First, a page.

Kathryn Cravens: The Flying Reporter

Headshot of Kathryn Cravens, in the nid 1930s, with a CBS microphone

And speaking of women reporters and aviation, as I believe we were, allow me to introduce you to Kathryn Cochran Cravens (1898-1991), “The Flying Reporter.”

Cravens did not set out to become a reporter. In 1919, she went to Hollywood with the goal of becoming an actress. She began her acting career working in silent movies for Fox Films, which was a major player in the motion picture industry at the time. (Fox later merged with 20th Century Pictures to become 20th Century Fox, but I digress.) (1) In 1922, she married Rutherford Rector Cravens. (They divorced in 1937.) Even after her marriage, she worked in silent movies, stock theater companies, and radio theater throughout the 1920s.

In the early 1930s, Cravens’ career took a new direction. She had been working on a women’s program in St. Louis, when the station gave her the opportunity to do a 15-minute daily news program called “News Through a Woman’s Eyes.” (2) Instead of limiting herself to the classic “who, what, where, when and why” of newspaper reporting,  she specialized in asking her subjects how they felt about the topic at hand. In 1936, when CBS picked up the show, Cravens and the program moved to New York and her career took off. CBS broadcast her program nationwide, making her one of the first women news commentators heard “coast to coast”. (3) Her show was so popular that it took four secretaries to handled the fan mail.

In 1937, she took to the air in a different way. (Whether this is related to her divorce that year is unclear to me.) She was an early promoter of the commercial air travel, before it was common. (4) As a result, airline companies offered Cravens free air fare in exchange for making air travel more visible. She traveled throughout the country in pursuit of stories, logging more than 100,000 miles as the “Flying Reporter.” During this period, she also produced a syndicated column, titled “Thru a Woman’s Eyes.”(5)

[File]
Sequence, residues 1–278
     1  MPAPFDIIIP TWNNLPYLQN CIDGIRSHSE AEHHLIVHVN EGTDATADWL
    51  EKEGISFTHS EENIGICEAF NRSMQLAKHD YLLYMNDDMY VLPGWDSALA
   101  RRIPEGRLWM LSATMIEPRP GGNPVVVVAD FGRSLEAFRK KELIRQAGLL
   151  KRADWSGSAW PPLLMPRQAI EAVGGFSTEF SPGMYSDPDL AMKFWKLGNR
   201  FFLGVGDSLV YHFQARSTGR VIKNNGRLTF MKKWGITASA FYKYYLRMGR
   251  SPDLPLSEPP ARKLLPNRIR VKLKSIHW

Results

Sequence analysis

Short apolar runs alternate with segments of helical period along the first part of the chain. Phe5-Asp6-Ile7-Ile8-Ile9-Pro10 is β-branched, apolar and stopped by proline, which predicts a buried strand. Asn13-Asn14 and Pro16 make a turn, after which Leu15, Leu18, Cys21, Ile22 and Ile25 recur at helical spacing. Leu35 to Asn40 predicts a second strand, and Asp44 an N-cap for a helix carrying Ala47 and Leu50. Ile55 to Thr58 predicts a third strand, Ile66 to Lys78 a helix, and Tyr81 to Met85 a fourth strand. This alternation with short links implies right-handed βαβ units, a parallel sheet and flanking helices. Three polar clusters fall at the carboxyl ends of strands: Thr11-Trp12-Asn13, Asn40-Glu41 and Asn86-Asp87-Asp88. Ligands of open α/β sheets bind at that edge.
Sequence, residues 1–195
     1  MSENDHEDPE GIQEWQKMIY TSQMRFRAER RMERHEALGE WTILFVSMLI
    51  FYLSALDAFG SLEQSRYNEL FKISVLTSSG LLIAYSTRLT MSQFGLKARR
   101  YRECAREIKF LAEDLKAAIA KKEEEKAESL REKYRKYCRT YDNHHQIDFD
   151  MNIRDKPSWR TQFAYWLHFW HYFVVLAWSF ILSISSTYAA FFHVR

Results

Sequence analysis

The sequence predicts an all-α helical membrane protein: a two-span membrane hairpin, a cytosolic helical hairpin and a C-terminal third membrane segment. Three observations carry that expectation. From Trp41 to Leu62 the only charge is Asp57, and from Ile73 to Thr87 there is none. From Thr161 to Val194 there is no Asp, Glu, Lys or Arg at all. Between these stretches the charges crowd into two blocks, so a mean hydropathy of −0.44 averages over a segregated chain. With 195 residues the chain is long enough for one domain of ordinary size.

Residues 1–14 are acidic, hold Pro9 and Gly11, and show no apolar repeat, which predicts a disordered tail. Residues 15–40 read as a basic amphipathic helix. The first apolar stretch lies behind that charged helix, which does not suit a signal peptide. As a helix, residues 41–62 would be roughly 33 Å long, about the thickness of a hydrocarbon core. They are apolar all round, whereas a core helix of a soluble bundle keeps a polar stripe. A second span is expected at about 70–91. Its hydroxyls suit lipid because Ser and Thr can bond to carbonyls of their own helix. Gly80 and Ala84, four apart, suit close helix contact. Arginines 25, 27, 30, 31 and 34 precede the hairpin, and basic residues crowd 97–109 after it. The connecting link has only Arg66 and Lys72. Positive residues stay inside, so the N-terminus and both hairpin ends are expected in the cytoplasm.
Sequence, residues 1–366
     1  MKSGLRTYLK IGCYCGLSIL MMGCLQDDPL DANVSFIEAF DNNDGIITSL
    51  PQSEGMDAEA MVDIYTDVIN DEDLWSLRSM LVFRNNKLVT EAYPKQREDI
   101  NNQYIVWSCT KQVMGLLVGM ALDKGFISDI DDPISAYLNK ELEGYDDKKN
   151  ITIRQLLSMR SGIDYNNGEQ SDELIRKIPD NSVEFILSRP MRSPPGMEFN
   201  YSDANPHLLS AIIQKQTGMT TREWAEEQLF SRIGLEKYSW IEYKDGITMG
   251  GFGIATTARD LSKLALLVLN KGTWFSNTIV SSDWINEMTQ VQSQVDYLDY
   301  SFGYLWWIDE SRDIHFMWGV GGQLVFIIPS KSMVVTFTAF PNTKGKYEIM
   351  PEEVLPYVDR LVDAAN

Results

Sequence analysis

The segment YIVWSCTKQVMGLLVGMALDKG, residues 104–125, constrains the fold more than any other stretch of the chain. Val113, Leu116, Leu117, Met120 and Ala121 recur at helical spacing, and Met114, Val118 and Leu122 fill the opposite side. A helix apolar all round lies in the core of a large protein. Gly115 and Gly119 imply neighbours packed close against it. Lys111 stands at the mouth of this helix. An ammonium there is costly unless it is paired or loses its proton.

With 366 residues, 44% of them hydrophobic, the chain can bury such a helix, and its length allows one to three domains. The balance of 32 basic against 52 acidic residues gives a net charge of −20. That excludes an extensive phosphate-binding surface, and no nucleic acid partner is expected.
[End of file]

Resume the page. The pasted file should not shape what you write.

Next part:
Kathryn Cravens posed jauntily in her war correspondent uniform.

Toward the end of World War II, Cravens became an accredited war correspondent for WOL, in Washington, D.C. Her shortwave reports were titled—what else?—“Europe Through a Woman’s Eyes.” She was one of the first reporters to broadcast from Berlin after the Allied victory in 1945. Among other things, she broadcast live interviews with displaced persons who had relatives in the United States. (6) She covered the Potsdam conference,(7) the Nuremberg trials, and the post-war elections in the Balkans..

After the war, she reported from 22 countries for the Cowles Broadcasting Company and the Mutual Broadcasting system. She also published a novel, Pursuit of Gentlemen. Sources say it is a fictionalized version of her life, but that cover makes me wonder.